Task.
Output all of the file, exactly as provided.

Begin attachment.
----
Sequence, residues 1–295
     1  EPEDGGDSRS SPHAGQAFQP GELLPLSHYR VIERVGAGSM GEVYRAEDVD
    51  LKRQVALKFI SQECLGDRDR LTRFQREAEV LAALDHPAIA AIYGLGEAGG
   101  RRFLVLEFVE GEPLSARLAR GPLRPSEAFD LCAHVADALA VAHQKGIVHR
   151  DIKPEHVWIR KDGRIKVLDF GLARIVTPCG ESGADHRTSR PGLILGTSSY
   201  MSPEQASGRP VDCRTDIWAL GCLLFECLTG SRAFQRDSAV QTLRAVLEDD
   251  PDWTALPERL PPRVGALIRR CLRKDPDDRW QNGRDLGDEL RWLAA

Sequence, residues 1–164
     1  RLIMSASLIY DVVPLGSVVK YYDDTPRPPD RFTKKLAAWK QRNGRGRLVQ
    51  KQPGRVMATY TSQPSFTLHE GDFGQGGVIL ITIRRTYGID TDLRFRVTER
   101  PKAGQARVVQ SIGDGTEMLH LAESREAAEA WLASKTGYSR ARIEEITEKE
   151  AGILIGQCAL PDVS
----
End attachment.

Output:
Sequence, residues 1–295
     1  EPEDGGDSRS SPHAGQAFQP GELLPLSHYR VIERVGAGSM GEVYRAEDVD
    51  LKRQVALKFI SQECLGDRDR LTRFQREAEV LAALDHPAIA AIYGLGEAGG
   101  RRFLVLEFVE GEPLSARLAR GPLRPSEAFD LCAHVADALA VAHQKGIVHR
   151  DIKPEHVWIR KDGRIKVLDF GLARIVTPCG ESGADHRTSR PGLILGTSSY
   201  MSPEQASGRP VDCRTDIWAL GCLLFECLTG SRAFQRDSAV QTLRAVLEDD
   251  PDWTALPERL PPRVGALIRR CLRKDPDDRW QNGRDLGDEL RWLAA

Sequence, residues 1–164
     1  RLIMSASLIY DVVPLGSVVK YYDDTPRPPD RFTKKLAAWK QRNGRGRLVQ
    51  KQPGRVMATY TSQPSFTLHE GDFGQGGVIL ITIRRTYGID TDLRFRVTER
   101  PKAGQARVVQ SIGDGTEMLH LAESREAAEA WLASKTGYSR ARIEEITEKE
   151  AGILIGQCAL PDVS